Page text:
Keeping the Faith

24 01 2013

by Angela

In tough times, it seems like we always turn to or away from God. When we turn to God, we’re looking for answers and comfort. God becomes our rock. But sometimes we turn away from God. We question if God has a plan, why a loving deity would allow bad things to happen, or even if God exists. Our faith can be strengthened or weakened.

Since college, I haven’t gone to church as often as I used to. Yet when I studied abroad last spring, I went every week. Even though I ended up loving every minute of the experience, spending six months in Chile was way out of my comfort zone. Everything was different, from the landscapes to the culture to the language. And to add to the stress, I was going without knowing anyone else.

One of the other girls in my program couldn’t find anyone to go to church with her the first Sunday, so I went thinking at least it’d be a good way to practicing my listening skills. I was surprised to find that I ended up loving it. I had never felt so connected to God. Throughout the next six months, I continued to go to church weekly, joined a Bible study, read my Bible, and prayed more than I ever remember doing before.

Now that I’m back in a familiar place, I’m struggling with leaning on God in the same way I did while abroad. There are highs and lows in any journey, my faith journey included. I hope that one day I can rely on God for more things. But for now, while I’m not relying on God, I have faith that God’s still there.





Discovering My Faith…Well, Sort of

22 01 2013

by Andrea

When I began my freshman year at Luther College, I was sort of nervous that I would meet a lot of outwardly Christian, avid church-going “Bible bangers,” as some like to call them. In reality, I’ve only had a few encounters with that type (thank God!), and I found that I really don’t fit in with that crowd.

Although Luther is a private Christian college, it still attracts many students who practice other religions or are unsure of what to believe. That’s such a great thing because I think that during this time in our lives, people are still discovering who they are, and for me, I feel more open to others’ opinions than I ever have in the past. I’ve met many people in college who do not share my religious beliefs, and it’s caused me to question my Christian faith.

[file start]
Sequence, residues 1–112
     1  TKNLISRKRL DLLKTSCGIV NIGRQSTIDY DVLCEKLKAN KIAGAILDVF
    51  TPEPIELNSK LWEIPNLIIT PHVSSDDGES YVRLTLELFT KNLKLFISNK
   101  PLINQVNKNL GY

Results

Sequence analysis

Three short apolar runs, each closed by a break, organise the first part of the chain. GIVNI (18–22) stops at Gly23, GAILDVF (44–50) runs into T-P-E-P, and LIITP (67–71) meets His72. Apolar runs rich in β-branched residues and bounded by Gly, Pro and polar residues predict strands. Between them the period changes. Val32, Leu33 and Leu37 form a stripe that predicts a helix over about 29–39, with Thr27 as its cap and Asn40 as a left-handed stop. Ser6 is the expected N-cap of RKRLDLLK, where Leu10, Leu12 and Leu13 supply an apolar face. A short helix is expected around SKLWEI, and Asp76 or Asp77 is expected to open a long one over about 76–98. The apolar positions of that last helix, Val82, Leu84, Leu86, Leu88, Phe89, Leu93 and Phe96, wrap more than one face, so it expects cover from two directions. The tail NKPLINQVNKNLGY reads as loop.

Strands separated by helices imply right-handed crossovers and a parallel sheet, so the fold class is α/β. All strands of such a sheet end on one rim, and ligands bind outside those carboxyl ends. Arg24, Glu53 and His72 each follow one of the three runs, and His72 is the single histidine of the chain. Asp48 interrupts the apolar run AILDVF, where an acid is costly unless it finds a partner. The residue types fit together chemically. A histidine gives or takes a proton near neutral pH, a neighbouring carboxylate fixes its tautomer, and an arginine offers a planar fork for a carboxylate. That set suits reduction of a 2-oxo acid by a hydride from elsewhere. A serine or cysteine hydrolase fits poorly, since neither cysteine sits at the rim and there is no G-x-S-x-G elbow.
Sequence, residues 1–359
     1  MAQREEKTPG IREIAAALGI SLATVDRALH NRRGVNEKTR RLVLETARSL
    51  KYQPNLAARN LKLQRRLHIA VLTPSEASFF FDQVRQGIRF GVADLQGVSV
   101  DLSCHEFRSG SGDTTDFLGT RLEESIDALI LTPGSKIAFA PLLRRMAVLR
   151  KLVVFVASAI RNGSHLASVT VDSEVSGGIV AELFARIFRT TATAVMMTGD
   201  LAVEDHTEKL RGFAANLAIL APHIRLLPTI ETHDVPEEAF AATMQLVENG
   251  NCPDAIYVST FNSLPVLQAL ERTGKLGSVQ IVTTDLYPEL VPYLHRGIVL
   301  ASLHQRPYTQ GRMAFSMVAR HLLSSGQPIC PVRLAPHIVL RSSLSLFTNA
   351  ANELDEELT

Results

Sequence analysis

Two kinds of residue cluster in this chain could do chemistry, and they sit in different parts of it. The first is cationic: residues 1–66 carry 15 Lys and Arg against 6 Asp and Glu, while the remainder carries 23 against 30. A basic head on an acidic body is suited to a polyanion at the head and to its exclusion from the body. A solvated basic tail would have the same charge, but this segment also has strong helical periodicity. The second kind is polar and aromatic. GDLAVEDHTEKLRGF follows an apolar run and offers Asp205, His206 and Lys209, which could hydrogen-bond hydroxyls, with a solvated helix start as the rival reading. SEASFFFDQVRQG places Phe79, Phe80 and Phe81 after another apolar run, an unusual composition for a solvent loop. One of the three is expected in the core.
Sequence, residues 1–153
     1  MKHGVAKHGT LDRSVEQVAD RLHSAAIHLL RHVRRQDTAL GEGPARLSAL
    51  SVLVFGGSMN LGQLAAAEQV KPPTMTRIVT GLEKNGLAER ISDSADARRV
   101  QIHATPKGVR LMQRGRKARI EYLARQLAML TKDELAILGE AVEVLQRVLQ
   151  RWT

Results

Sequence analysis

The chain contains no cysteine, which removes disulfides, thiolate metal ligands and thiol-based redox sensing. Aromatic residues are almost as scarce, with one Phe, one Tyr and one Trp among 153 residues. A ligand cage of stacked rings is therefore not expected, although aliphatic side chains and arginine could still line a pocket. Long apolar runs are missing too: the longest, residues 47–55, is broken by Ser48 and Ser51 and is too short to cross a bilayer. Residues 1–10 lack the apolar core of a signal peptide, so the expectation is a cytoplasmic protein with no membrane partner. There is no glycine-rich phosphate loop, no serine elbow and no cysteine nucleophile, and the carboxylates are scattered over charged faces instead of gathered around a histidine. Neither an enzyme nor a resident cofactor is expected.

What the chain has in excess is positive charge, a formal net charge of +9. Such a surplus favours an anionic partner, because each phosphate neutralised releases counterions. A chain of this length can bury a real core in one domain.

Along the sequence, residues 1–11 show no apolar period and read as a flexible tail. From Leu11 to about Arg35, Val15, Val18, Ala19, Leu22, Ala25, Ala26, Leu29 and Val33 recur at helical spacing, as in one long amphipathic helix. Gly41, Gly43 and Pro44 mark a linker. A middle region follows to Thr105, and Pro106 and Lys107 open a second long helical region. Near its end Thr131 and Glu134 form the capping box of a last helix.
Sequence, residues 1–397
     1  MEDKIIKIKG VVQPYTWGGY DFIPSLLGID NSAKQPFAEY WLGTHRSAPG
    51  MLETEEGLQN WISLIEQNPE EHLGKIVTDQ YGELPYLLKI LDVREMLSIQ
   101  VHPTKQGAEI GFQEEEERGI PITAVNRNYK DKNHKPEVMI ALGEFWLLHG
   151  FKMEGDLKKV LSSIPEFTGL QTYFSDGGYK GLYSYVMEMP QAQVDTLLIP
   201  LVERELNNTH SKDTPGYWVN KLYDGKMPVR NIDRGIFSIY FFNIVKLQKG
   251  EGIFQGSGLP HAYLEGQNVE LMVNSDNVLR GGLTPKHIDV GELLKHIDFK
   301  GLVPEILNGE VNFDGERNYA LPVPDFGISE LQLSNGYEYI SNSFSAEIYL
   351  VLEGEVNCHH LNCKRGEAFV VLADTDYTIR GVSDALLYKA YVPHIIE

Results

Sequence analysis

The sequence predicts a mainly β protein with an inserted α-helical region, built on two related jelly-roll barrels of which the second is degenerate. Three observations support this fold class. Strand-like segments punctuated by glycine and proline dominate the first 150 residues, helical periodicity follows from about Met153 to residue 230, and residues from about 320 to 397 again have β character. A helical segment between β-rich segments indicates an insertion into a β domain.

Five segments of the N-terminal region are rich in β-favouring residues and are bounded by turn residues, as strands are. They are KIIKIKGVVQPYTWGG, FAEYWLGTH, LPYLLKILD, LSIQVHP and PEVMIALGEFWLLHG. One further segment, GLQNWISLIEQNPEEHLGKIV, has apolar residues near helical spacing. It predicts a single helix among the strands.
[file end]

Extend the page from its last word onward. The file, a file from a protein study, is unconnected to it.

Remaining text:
One of my best friends at Luther is Hmong, and I also have numerous friends who are atheist or agnostic. When I learned about how different their spiritual beliefs were, yet how similar I was to them in other ways, I started to wonder why I had thought that my religion must be the right one and everyone else must be wrong. It seems pretty ignorant considering the twenty-something official religions in the world. That’s when the questioning of my own faith began, and I admitted to myself that the main personal reasons I had for being a Christian were that I didn’t want to burn in hell if I died, and I wanted someone to pray to when things got rough. Pretty selfish, huh?

As of now, I still consider myself Christian, and I often think back to a question one of my atheist friends asked me when I was reconsidering my faith: “Can you honestly say that you don’t believe in God?” My answer was, and still is, no. There’s something within me that knows there is a God, and it’s not something I feel that I can choose. For now, that’s my reason for choosing Christianity; after lots of questioning, His presence still prevails.





I’m Ron Burgundy…?

22 01 2013

by Angela

 

Who can forget this scene from Anchorman? Someone accidentally typed a question mark instead of a period on the teleprompter and Ron Burgundy stated his name as a question. Hilarious! Students do something similar in classes. They turn a statement into a question and immediately the professor retorts with “are you stating something or asking me a question?” in a very sarcastic tone. We only do this to show hesitation. We’re unsure of our answer and don’t want to commit to the statement.

I have the same initial reaction when telling people I’m a Christian. I turn a statement into a question. As soon as I tell someone that, I can immediately see the stereotypes placed onto me. With the label “Christian,” people might assume that I’m a creationist, extremely conservative, judgemental, or intolerant of other religions. The stereotypes we imagine are negative, so I hesitate when telling people my religious beliefs.

College forces us to think critically. We’re forced to rethink everything we’ve thought. We have to consider all the possibilities and challenge everything we learn. Because of my religion classes, I started to see how labeling myself a “Christian” could change how people saw me. I don’t want to become part of the faceless crowd if my beliefs don’t quite match up to the stereoptical “Christian.”

Is it possible to break from the crowd, yet still identify as Christian? Whether or not it is, I think it should be. No one agrees 100% of the time on anything. Why should religion be any different?








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